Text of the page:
Saturday, March 8, 2014

Q&A with poet Marilyn Nelson

Marilyn Nelson is an award-winning poet who has written many works of poetry, both for adults and young readers. Her most recent books include How I Discovered Poetry, Ostrich and Lark (winner of a 2013 Children's Africana Book Award), and Faster Than Light: New and Selected Poems, 1996-2011. A professor emerita at the University of Connecticut, she lives in Connecticut.

Q: Your latest book is called How I Discovered Poetry. What are some of the themes you explore regarding your relationship to poetry?

A: Just being aware of the world outside myself and my nuclear family, being a little bit aware of the natural world, and interactions between people.

Q: Many of your poems focus on history. Why did you choose that as an area to write about?

A: Like most people who are interested in history, I think there’s a great deal to be learned from history. There are so many rich, true stories; it’s always a resource. If you have nothing to write about, there’s always your childhood—that’s a huge mine. There’s historical gold in there.

Q: As someone who’s written about your own personal and family history as well as more general history, how do the two writing experiences differ?

A: I don’t know that there’s any particular difference. I wrote about my family history in a book called The Homeplace. I did a lot of research. It’s not enough to know the story, you have to know the world around the story, the knowledge of what’s going on in 1928.

For my new book, I spent a lot of time reading old issues of Life magazine, The Saturday Evening Post, Ebony magazine, to reflect what was going on when I was eight years old.

Q: How did you come to collaborate with the San artists on Ostrich and Lark?

A: I made a trip to Botswana with a friend who wanted me to understand the situation of the [San] people. We drove around the Kalahari for two or three weeks, and we happened upon an NGO that works with the San people.

We spent a day or two talking to them about what their work was. As we left, we saw some art by the San people. [The NGO] encouraged people to learn to do artwork. I said, Wouldn’t it be nice if we could find something to do to help them make some money?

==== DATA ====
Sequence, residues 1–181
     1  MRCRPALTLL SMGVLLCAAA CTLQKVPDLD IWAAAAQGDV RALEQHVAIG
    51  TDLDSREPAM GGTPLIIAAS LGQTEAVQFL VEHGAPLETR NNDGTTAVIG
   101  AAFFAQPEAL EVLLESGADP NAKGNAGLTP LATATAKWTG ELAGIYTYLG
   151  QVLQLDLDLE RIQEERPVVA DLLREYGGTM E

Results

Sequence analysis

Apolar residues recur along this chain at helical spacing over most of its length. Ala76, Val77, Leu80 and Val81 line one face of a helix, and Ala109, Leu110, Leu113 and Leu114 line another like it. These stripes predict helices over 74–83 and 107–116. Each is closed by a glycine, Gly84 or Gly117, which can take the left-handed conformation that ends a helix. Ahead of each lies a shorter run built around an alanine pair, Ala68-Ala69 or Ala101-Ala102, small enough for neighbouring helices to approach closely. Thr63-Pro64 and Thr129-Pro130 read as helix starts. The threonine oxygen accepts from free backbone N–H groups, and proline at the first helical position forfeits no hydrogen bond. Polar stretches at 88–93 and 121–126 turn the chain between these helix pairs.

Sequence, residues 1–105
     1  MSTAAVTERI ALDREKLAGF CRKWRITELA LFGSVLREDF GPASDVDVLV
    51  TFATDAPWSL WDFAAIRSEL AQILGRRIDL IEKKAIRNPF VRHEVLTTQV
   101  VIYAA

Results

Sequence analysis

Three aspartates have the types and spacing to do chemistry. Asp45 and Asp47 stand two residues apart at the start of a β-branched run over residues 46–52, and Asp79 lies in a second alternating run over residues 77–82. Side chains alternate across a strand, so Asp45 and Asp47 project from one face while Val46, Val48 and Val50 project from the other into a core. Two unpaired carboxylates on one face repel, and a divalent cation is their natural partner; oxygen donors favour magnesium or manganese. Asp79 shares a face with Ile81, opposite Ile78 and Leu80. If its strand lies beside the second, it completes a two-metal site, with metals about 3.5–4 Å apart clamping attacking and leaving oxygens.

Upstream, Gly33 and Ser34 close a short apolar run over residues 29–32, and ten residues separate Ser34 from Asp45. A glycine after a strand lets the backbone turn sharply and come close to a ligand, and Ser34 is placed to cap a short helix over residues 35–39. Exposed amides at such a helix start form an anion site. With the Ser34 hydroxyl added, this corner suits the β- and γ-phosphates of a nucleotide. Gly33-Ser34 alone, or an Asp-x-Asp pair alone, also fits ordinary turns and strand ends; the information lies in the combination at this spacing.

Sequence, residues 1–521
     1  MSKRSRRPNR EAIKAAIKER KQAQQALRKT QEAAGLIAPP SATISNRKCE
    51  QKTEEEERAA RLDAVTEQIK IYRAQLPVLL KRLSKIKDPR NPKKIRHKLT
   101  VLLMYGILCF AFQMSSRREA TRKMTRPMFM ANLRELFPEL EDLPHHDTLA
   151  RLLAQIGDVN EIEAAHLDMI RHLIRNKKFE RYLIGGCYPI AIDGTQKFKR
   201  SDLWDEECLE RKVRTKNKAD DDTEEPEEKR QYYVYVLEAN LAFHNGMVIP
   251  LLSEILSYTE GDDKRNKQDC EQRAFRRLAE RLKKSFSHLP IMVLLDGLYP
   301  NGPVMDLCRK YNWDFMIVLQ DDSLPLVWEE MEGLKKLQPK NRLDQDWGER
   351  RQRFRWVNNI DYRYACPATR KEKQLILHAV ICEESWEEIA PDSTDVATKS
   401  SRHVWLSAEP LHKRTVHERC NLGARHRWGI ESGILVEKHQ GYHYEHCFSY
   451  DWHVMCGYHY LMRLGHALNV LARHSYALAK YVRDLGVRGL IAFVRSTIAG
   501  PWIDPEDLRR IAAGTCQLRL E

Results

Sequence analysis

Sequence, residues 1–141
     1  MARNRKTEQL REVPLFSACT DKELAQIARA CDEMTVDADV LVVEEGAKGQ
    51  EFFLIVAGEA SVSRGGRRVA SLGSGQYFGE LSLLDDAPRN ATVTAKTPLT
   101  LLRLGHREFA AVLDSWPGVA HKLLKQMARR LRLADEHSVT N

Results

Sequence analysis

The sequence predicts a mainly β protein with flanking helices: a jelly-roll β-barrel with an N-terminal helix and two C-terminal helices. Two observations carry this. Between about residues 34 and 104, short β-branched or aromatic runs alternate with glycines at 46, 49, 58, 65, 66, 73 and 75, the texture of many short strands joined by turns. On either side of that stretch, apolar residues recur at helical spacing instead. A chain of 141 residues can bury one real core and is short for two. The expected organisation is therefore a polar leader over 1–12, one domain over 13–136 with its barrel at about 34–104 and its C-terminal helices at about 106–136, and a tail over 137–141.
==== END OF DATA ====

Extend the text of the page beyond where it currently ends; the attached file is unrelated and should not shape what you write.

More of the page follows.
I wrote [Ostrich and Lark] to be a vehicle for their art. The rest of the story is long and complicated. It required a second trip to Botswana.

Q: Have you stayed in touch with the artists?

A: I don’t know the artists personally; I know the people who worked in the NGO.

Q: Has the book helped the artists?

A: I’m sure it has. Even the little advance. These are people who have absolutely nothing except the clothes on their back. We put the address of the NGO in the book, so I’m hoping somebody will look them up and buy the artwork.

Q: About another of your books: Why did you decide to write about George Washington Carver?

A: I had finished doing a series of poems about evil; it was clear to me that there was no limit to the human capacity to do evil. I wanted to see if there was a limit to the capacity to do good.

I decided to write about Hildegard of Bingen, a 12th century German saint. I was getting ready to start when an old family friend called and said he was in town. He stopped by, and I walked him to his car [after the visit] and he took out a brochure from the George Washington Carver birthplace and handed it to me and said, I think you should write a book about him.

Having loved Carver since childhood, I thought, Why would I write about a 12th century German saint?

Q: Why did you decide to write about Emmett Till?

A: An editor, Andrea Pinkney, called my agent with an idea for a book I could write. She wouldn’t tell us what it was. We had a meeting in New York City; it was icy in Connecticut and very difficult to get there.

She said, I’ve always wanted to write a book for children about lynching. I almost fell out of my chair; it seemed like a ridiculous idea. But I thought, maybe it’s possible. I did more thinking, and it became clear that it should be about Emmett Till.

Q: You’ve served as Poet Laureate of Connecticut. What were some of your responsibilities?

A: There were no real responsibilities, except making the people of Connecticut aware of the existence of poetry. For the first couple of years, I did programs, organized readings, gave poetry prizes to young people. I got donations of poetry books and had bookplates printed, and delivered the poetry books to hospitals and doctor’s offices.

After two years, I decided it was more beneficial for me to find Connecticut stories and write about Connecticut. I wrote four books that have to do with Connecticut.

Q: You’ve written for many different age groups. Do you have a preference?

A: It just happened that most of my books for a young adult audience, I actually wrote for adults. I didn’t think about the age group.

For the Carver book, it got into the hands of a publisher who only published books for children and young adults. It was a really big hit, and other publishers for children asked me to write things. Most of them made clear that I should just do what I want to do. 

Q: What are you working on now? 

A: I’m working on a young adult novel in verse about the Tuskegee Airmen. I’m really enjoying working on it; it’s the first time I’ve consciously tried to write a young adult book. Now I’ve learned that young adult books have young adults as protagonists.

Q: Your father was in the Tuskegee Airmen.

A: Yes.

Q: Is he a part of the novel?

A: No. It’s a fictional novel. I will have a section based on the facts of the entire group of Tuskegee Airmen.

--Interview with Deborah Kalb

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